Saturday, May 20, 2017

Montreal Terminals - A Descriptive Sketch, Part 1

My brother gave me this wonderful little 4 inch by 6 inch booklet. In the railway's own words, it documents the state of many of the CNR's Montreal facilities in the late 1950s. 

As with most large organizations producing a publication for general distribution ... the probability that the information was reviewed by various departments and/or levels of the organization makes it particularly valuable as a historical document.

Dating: Although the booklet is undated, it mentions the removal of the interurban line from the Victoria Bridge and the servicing of steam locomotives. 

For people not familiar with the area and its features, 
and to provide some contemporary atmosphere, 
I have added a few images from the era described.

Schematic map included in the booklet.

from: Pamphlet: Canadian National Railways, America's Largest Railway System. Undated, circa late 1940s. Collection of LC Gagnon.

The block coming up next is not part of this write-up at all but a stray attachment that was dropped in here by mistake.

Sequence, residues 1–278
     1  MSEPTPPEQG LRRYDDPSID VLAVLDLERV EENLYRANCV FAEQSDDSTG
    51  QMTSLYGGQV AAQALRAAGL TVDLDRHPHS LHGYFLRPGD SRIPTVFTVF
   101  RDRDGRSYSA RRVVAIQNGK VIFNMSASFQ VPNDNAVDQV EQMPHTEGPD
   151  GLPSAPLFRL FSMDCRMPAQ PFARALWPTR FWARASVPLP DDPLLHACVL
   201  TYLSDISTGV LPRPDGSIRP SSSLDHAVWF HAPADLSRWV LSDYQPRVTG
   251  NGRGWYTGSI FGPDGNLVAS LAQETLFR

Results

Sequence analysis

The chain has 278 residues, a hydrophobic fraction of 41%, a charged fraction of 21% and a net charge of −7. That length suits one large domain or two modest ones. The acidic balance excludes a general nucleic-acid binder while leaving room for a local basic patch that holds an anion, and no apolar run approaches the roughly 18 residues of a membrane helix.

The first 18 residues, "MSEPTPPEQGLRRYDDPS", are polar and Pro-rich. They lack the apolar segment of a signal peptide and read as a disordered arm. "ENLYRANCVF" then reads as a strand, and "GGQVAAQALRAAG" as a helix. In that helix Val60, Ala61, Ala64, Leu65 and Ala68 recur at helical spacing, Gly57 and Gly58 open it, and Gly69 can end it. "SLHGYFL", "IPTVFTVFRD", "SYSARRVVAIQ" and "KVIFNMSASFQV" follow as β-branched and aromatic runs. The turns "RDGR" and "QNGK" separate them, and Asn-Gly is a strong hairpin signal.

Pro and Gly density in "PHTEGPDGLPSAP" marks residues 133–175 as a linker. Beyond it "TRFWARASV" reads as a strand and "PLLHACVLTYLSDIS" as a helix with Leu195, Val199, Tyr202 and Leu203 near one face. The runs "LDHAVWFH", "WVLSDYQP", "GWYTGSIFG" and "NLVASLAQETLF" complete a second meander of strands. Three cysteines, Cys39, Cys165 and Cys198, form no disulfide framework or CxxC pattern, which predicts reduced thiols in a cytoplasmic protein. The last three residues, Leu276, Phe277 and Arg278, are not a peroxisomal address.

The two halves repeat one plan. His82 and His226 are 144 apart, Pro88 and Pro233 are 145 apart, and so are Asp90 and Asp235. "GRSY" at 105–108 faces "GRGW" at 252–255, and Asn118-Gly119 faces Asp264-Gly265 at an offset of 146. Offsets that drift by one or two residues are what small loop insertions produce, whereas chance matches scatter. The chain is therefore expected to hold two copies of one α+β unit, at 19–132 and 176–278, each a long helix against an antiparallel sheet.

from: America's Largest Railway, 1950, Canadian National Railways. Collection of LC Gagnon.
The three 'white' windows with rounded tops mark the centre of the rebuilt (after the 1916 fire) Bonaventure station. 
Timetable west is behind the camera.
The station was demolished in 1952.

A newer version of some of the Bonaventure facilities is shown below.
The switcher is pulling timetable west.

from: Expo 67 Magazine. Collection of  LC Gagnon.

from: Railways of Canada; OS Nock; 1973; A&C Black, London.
With Montreal Island at the top of the photo, the south shore Victoria Bridge railway diversion 
and lift spans over the Seaway can be seen under construction in the late 1950s.

Below, the tracks leading from Central Station, into the Mount Royal Tunnel,
are seen in 1961.

Mount Royal Tunnel, Feb 1961. Ektachrome slide by LC Gagnon.

from: Canada Handbook; 1954; Government of Canada.
Above: The Wellington Tower interlocking.

Undated clipping from a Montreal newspaper during the CPR firemen's strike. Collection of LC Gagnon.
The legal CPR firemen's strike involved 5000 firemen and engineers from January 2 until January 11, 1957.
The CPR laid off 70,000 other workers for the duration of the strike.

The camera is facing timetable west.
At the right margin is Upper Lachine Road/Rue Saint Jacques.
The serpentine form near the top of the photo is the Lachine Canal.

Ektachrome slide by LC Gagnon. Feb 1961.
The photo was taken from Upper Lachine Road/Rue Saint Jacques.
Trains travelling to the left behind the water tower will reach Bonaventure, Central Station, etc.